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78 | BoatU.S. Magazine FEBRUARY | MARCH 2015
FLAPPING FREE: Flapper-type bilge-pump float switches must be securely mounted and
installed clear of wires, hoses, and other obstructions that can impede operation of the floating
arm or flapper switch. They should also be oriented with the switch aligned fore and aft, and the
flapper pointing toward the stern. This is especially important on powerboats; during jackrabbit
takeoffs, surging bilge water can damage the flapper mechanism, even ripping it apart in some
cases. Installing them close to a bulkhead or frame also helps protect the switch from a torrent of
water. Enclosed switches eliminate this worry, but can also be more difficult to inspect and test.
BEARING ON THE OUTCOME: This is one of two cutlass bearings from a twin-
engine power vessel that were so severely worn, both shafts were damaged and
had to be replaced. A cutlass bearing is a short metal tube (usually of brass) with
an inner grooved, rubber lining. The bearing holds the shaft steady as it turns,
while the grooves allow water to enter, providing lubrication. Cutlass-bearing
replacement is a routine maintenance item; they all eventually wear to the point
of looseness, which if left unaddressed can result in a number of problems, from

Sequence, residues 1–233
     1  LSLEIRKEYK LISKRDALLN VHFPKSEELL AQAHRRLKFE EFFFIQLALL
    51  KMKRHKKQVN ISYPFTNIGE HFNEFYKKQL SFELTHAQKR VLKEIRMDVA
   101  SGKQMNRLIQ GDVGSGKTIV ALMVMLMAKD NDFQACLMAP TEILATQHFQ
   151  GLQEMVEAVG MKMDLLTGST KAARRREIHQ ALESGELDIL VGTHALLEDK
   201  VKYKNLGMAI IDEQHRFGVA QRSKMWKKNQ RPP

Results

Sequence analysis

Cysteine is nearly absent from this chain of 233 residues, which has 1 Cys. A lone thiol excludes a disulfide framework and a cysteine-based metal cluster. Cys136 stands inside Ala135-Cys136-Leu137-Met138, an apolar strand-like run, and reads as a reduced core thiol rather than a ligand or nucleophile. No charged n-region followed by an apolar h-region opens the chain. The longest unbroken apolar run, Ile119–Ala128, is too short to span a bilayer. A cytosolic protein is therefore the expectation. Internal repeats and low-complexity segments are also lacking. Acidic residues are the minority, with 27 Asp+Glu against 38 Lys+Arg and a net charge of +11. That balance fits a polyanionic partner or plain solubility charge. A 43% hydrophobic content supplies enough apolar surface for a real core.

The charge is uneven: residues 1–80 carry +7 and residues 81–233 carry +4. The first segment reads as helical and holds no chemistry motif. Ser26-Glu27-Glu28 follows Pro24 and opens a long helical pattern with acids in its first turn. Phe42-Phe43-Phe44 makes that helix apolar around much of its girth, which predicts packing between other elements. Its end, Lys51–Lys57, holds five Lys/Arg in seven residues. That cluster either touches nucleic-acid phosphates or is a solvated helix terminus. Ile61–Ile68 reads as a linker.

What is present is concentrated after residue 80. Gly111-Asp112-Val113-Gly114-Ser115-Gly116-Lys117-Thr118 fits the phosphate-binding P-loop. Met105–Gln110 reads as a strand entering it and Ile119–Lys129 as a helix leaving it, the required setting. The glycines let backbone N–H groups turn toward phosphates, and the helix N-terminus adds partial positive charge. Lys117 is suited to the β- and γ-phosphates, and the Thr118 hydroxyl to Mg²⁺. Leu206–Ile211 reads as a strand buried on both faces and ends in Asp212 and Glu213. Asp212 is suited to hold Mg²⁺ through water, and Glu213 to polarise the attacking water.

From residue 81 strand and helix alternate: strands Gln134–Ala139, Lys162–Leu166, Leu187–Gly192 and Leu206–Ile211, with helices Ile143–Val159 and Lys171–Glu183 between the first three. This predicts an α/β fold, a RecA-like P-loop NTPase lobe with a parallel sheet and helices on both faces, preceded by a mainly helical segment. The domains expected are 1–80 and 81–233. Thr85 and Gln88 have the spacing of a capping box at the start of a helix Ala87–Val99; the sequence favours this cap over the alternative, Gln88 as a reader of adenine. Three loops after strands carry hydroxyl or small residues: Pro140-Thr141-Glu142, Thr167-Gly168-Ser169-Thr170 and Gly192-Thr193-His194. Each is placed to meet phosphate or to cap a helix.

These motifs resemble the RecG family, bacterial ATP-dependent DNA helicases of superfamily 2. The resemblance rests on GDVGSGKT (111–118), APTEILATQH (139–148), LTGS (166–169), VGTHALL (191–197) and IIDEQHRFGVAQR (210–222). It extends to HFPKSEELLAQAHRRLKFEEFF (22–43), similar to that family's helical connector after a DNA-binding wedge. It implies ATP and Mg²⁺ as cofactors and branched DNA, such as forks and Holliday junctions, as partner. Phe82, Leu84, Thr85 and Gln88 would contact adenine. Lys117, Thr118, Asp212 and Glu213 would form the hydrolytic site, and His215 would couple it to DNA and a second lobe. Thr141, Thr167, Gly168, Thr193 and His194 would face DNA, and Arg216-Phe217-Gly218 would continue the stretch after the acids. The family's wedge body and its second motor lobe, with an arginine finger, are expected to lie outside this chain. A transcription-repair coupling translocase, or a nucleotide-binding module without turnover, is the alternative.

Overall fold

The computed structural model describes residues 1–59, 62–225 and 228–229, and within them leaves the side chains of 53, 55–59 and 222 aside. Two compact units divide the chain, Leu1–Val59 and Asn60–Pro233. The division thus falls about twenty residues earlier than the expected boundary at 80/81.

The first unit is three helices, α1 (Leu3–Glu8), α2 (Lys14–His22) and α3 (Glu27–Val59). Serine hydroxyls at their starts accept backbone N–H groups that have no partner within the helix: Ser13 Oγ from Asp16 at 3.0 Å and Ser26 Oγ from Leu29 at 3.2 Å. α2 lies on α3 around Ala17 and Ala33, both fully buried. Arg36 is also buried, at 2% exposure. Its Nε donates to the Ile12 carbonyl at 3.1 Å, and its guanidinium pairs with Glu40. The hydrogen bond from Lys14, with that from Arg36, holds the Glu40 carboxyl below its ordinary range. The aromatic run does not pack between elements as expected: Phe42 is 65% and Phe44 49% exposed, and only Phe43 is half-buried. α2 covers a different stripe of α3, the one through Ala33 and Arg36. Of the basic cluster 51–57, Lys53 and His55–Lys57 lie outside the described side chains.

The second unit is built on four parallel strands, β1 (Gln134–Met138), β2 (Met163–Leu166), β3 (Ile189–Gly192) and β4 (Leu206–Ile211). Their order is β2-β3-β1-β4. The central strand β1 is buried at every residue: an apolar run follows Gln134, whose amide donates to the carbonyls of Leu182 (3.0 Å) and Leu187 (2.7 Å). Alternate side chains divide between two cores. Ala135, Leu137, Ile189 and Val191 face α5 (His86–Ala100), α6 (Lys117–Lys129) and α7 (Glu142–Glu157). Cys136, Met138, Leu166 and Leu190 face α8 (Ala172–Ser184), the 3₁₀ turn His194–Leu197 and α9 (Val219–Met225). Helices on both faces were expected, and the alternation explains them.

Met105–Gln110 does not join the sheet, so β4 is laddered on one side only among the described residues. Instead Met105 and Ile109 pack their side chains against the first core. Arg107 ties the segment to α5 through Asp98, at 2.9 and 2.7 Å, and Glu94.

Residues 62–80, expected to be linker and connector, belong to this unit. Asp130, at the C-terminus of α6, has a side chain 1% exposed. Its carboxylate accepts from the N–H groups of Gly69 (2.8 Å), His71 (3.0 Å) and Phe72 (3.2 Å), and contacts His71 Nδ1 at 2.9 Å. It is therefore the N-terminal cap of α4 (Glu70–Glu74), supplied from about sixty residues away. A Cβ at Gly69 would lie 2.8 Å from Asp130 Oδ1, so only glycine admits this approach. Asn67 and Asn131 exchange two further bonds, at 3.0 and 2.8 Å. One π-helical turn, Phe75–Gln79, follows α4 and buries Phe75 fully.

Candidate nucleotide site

excessive shaft vibration to drive train alignment issues. In cases of severe wear
(such as this), the grooved channels are completely worn away, meaning the shaft
receives no lubrication from the surrounding water, leading to scoring of the shaft
(due to friction) and a reduction in diameter where it
passes through the cutlass bearings. The seller had
replaced both cutlass bearings the day before the
survey, but even with new bearings of the proper
size installed, both shafts still had significant play.
When removed, it was discovered that the diameter
of both shafts had decreased by almost 1/4-inch
where they transited the cutlass bearings.
Can you feel the
frustration of the
tasked with troubleshooting an electrical problem in this
mess? Also note
the lack of chafe
wires penetrate the
bulkhead, as well
as the evil “
electrical tape joints,”
will fall off, leaving